A new book, Dior/Lindbergh, sees haute couture from the Parisian house’s archive photographed on the bustling streets of New York by the late image-maker Peter Lindbergh
In 1947, Christian Dior visited New York. His two days in the city were spent in “a continuous state of wonder,” the designer would recall in his memoirs. “The electric air kept me constantly on the go.”
This week, decades on, a new Taschen-published book, Dior/Lindbergh – photographed by Peter Lindbergh, the seminal fashion image-maker and longtime Dior collaborator who died this past September – seeks to capture this electric spirit with a series of photographs of Dior’s haute couture archive, spanning the house’s beginnings to the present day, amid the bustle of Times Square.
The book itself, which is divided into two cloth-bound volumes, marks Lindbergh’s final collaboration with Dior – and perhaps his most ambitious yet. Largely because of the scope: in 2018, over 80 items from seven decades of Dior’s history – usually stored away in the house’s temperature- and humidity-controlled archive on Paris’ Rue de Montaigne – travelled to the streets of Midtown Manhattan, where they were captured by the photographer on models including Karen Elson, Saskia de Brauw, Carolyn Murphy, Amber Valletta, and Sasha Pivovarova (each has a long and personal relationship with Lindbergh, and together have been previously deemed the “Lindbergh beauties”). Taken in Lindbergh’s stripped-back ‘verité’ style, his subjects weave among the city’s quotidian crowds in the priceless creations – “wake up, now you go for a hell of a day and let’s see what happens,” Lindbergh said at the time.
As such, the photographs give the clothing new energy: Alek Wek is captured amid the blur of traffic in a bar jacket from 1947, the year of its advent; Irina Shayk stands in the doorway of a shuttered storefront wearing a Gianfranco Ferré-designed haute couture gown (Autumn/Winter 1991); Selena Forrest, Felice Noordhof and Sara Grace Wallerstedt cross a Midtown intersection wearing a trio of fantastical looks by John Galliano from the late 1990s. More recent designs appear alongside: Freja Beha Erichsen wears a black couture gown by Raf Simons (Autumn/Winter 2012); while several pieces by Maria Grazia Chiuri, the house’s current creative director, also feature.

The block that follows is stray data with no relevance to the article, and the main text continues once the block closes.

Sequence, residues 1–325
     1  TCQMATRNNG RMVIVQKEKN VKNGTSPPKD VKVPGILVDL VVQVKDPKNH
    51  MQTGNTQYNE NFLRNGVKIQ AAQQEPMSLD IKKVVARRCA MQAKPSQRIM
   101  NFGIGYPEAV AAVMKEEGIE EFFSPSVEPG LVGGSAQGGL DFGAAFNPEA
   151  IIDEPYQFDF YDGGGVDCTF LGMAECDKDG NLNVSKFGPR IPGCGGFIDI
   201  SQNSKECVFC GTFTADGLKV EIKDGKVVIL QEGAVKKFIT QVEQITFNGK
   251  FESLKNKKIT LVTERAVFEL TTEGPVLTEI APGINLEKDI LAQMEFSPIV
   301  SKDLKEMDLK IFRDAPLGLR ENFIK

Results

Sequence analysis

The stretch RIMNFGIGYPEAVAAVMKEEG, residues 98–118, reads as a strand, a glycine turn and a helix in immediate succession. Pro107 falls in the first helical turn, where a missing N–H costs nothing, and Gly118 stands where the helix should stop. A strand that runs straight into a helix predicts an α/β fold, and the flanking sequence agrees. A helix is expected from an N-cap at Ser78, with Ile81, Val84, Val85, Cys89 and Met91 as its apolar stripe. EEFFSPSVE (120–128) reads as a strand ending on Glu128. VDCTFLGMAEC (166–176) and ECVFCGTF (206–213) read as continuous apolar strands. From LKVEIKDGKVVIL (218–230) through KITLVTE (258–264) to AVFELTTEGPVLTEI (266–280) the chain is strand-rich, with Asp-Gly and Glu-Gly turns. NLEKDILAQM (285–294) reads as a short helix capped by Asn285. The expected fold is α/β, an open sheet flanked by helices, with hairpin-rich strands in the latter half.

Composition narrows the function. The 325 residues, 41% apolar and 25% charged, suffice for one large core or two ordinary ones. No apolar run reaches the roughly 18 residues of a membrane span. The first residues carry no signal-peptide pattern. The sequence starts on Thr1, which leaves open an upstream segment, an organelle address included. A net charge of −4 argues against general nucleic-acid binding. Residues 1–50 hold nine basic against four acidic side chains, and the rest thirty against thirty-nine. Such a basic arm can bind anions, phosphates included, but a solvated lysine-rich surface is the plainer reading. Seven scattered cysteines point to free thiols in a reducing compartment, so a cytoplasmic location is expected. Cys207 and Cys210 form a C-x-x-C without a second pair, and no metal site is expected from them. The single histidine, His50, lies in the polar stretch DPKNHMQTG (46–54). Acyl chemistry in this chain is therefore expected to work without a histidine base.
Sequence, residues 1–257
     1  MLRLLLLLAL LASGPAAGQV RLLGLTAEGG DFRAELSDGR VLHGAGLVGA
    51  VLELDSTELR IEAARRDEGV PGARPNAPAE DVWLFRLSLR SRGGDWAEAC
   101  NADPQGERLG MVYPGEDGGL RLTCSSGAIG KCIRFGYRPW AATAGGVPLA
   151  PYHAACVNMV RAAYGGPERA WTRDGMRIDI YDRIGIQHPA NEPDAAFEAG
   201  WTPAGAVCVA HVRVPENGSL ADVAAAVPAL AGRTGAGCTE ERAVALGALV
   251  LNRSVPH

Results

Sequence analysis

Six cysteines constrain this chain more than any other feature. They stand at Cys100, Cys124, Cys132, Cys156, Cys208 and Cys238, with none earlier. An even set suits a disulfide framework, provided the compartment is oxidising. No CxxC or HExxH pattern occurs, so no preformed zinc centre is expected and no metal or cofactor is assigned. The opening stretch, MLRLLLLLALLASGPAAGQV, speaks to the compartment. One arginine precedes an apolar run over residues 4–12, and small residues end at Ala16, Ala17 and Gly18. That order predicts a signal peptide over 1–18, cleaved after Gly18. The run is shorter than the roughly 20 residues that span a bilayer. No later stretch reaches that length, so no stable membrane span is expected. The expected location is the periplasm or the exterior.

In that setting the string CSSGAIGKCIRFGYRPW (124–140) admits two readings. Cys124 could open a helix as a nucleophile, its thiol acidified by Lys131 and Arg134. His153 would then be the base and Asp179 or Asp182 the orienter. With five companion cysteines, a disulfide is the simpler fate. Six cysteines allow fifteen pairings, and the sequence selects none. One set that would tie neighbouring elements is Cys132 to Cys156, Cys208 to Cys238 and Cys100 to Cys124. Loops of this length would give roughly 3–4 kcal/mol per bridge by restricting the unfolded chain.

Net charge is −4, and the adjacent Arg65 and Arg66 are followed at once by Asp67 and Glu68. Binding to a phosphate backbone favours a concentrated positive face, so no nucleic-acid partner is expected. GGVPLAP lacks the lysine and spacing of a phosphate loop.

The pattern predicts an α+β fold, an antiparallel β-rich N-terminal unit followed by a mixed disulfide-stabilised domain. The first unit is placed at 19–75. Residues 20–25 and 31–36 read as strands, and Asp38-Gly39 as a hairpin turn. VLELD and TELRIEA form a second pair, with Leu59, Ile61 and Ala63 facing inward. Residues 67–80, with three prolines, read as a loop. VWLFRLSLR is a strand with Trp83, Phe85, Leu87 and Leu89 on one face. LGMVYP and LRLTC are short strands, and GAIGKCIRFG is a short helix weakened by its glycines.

Alongside these never-before-seen images, the book will also feature several photographs from Lindbergh’s own archive, collating the many times he has shot Dior – whether for the house, in campaigns featuring actors Charlize Theron and Marion Cotillard, or for numerous publicatons the world over, among them American Vogue, Vogue Italia, Harper’s Bazaar and Vanity Fair. Together, the comprehensive Dior/Lindbergh is testament to Lindbergh’s singular talent – and “a tribute”, as Taschen says, “to an electrifying partnership between two pillars of fashion”.
Dior/Lindbergh, published by Taschen, is out now.